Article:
Did Hollywood Get 'Pawn Sacrifice' Right?

Did Hollywood Get 'Pawn Sacrifice' Right?

| 156 | Fun & Trivia

By now many members have seen the first trailer for Pawn Sacrifice, the Hollywood movie based on the rise of Bobby Fischer to world chess champion. We've known for a while that Spiderman, or rather Tobey Maguire, was to play the five-inch-taller Fischer (a subject of debate among chess fans) but what else can we discern from the previews? 

I decided to do some research!

The film claims to be based on a true story and seems to focus on the 1972 match with Boris Spassky, as well as the usual overtones of Cold-War-era politics and the beginnings of Fischer's paranoia.

If you weren't lucky enough to be at the Toronto Film Festival premiere (and this author wasn't!) you'll have to wait until September 16 for the official theatrical release in the U.S. (New York and Los Angeles; Sept. 18 the rest of the U.S.). If you haven't checked your Facebook or Twitter feed lately (or you don't have any chess friends!), here's the official trailer:

For now, one big question is whether the actual chess content is correct. There's no word on who the chess consultant was (but I can confirm that IM Danny Rensch was not contacted this time, even though he was previously the Life of a King resident master!). If you look through the full credits on IMDB, it seems there were speech coaches and general researchers, but nary a chess player is to be found

***Update -- has confirmed that FM Richard Bérubé of the Quebec Chess Federation (La Fédération Québecoise des Échecs) was the chess consultant.

So let's take a look at the chess we can actually see in the trailer. Let us know your own thoughts on the trailer in the comments below and on Facebook, or vote in the official survey. 

Warning -- you may have to pause the video very carefully to catch the chess action discussed here!

At 0:18, the claim is made that "after only four moves there's more than 300 billion options to consider." Does the math hold up?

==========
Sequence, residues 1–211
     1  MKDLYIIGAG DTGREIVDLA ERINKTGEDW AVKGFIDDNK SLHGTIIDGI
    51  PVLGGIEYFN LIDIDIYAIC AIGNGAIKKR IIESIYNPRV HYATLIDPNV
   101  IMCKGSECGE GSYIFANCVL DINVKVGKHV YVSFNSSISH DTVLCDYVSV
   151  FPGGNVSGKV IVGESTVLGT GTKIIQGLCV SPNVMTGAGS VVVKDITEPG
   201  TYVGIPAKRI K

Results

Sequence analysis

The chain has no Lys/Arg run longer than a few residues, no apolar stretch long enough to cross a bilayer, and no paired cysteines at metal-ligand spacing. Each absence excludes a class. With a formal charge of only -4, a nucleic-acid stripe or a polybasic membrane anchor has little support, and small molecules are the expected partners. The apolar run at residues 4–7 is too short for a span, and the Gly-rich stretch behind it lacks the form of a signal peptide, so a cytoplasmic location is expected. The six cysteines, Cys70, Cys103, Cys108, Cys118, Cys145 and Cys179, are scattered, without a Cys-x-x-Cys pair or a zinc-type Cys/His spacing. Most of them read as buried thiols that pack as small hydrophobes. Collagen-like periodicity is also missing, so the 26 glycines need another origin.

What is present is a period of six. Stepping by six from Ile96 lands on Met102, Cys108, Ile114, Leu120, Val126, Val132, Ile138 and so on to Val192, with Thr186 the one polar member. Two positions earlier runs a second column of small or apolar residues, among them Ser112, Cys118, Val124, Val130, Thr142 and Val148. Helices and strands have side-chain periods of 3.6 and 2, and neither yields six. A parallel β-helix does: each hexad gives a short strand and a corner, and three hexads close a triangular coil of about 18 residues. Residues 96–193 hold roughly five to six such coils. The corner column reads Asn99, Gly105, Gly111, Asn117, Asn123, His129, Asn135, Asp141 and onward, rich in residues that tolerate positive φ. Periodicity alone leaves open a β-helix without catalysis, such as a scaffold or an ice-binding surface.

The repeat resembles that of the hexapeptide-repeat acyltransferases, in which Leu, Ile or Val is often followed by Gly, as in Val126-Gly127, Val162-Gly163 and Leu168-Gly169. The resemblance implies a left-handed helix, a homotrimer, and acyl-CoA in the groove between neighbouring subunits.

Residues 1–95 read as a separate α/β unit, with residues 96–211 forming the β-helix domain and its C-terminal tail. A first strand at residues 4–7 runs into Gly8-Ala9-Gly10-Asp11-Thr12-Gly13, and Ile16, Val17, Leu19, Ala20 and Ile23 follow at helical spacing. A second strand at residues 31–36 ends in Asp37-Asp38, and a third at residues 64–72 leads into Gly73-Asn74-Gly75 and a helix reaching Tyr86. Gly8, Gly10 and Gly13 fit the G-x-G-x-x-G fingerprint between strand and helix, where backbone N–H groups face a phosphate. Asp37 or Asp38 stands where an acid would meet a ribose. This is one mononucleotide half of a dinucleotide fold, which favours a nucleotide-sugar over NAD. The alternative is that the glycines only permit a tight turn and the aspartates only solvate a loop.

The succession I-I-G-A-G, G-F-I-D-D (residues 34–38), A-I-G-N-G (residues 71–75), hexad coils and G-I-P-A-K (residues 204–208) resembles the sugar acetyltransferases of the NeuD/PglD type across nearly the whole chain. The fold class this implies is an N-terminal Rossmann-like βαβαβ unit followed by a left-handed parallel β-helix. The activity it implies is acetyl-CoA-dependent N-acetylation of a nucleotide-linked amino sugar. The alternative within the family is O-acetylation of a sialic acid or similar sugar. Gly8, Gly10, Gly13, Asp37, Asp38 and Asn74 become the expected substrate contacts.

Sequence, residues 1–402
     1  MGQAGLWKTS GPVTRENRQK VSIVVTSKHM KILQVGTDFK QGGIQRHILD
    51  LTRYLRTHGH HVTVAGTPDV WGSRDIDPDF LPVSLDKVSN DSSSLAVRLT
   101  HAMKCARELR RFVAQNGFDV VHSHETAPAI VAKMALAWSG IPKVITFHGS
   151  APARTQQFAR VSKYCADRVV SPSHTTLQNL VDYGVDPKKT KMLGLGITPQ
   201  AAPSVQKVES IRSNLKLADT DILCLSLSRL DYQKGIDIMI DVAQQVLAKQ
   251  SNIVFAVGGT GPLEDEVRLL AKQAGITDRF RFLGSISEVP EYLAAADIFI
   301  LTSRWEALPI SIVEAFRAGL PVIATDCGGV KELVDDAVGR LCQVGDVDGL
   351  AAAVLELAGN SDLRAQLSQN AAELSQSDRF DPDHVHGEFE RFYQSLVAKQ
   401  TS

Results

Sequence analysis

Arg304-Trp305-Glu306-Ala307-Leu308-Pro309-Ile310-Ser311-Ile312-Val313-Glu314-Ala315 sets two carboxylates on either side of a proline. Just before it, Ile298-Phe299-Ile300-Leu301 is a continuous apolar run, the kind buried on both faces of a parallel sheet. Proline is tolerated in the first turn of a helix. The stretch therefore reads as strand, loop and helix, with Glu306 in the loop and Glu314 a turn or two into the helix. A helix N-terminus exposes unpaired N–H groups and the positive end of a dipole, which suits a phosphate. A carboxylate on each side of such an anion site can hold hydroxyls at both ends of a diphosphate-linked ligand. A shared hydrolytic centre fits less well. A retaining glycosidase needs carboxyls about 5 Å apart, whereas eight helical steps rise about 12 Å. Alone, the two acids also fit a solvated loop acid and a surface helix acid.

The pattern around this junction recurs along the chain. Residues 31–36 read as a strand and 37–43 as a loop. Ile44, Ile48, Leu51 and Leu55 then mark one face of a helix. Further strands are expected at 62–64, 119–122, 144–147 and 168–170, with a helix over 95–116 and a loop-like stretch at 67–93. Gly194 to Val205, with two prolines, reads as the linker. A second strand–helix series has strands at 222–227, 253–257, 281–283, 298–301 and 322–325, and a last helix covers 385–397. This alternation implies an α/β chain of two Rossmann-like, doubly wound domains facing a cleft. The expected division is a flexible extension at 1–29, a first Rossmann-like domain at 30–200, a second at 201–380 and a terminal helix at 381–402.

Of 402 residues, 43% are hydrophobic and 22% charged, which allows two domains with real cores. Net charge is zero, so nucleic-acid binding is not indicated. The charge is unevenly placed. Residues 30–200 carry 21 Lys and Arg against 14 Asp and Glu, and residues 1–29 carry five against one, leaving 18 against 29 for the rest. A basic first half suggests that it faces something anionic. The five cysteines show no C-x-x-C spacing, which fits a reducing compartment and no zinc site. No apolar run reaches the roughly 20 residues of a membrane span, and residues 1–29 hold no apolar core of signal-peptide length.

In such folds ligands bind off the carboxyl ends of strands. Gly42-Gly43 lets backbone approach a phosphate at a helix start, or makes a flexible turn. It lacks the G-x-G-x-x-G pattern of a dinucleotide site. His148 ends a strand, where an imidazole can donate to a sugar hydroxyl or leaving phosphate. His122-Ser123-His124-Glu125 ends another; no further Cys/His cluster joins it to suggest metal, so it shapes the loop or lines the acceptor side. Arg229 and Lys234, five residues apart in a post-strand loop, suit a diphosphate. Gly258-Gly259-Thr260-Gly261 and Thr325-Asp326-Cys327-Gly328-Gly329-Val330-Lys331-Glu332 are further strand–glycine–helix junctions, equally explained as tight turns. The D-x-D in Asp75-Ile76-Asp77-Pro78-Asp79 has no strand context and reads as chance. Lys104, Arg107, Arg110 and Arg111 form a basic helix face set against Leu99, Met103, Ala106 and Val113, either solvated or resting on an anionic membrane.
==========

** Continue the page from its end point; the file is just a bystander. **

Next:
The narrator, which sounds like the voice of Peter Sarsgaard (playing GM William Lombardy), is likely focusing on move pairs, i.e. eight ply. We can assume he means positions, not routes to get to those positions.

The numbers are mind-boggling and not even an exact science at eight ply (even the number of positions at four ply was not rendered exact until after the turn of the 20th century). The closest reputable estimate I found was 988,187,354 positions after eight ply, a far cry from 300 billion.

If you assume the narrator is referring to possible moves, not positions, then eight half-moves would yield about 25.6 billion options, assuming 20 possible moves per side for four full turns. 

We're not discussing Shannon's number of total possible positions, but if you have a closer estimate, let us know in the comments (and where you got your math degree!). None of this takes into account Lombardy dressed in his Roman Catholic priest frock, which is ubiquitous in the trailer, but the web does not show any pictures of Lombardy wearing it in Iceland.

Staying in the same frame at 0:18 and continuing on to 0:19, a series of animated chess moves appear. Is the notation correct? Well, sort of.

The movie weirdly oscillates between algebraic notation and descriptive notation, which chess players almost never do. 

Fischer's famous "Game of the Century" scoresheet.

For his part, Fischer always wrote in descriptive (i.e. P-K4, not e4). Even his notation in the 1992 rematch with Spassky was in descriptive, proving that whatever system you learned with, you're likely to keep forever.

image via BBC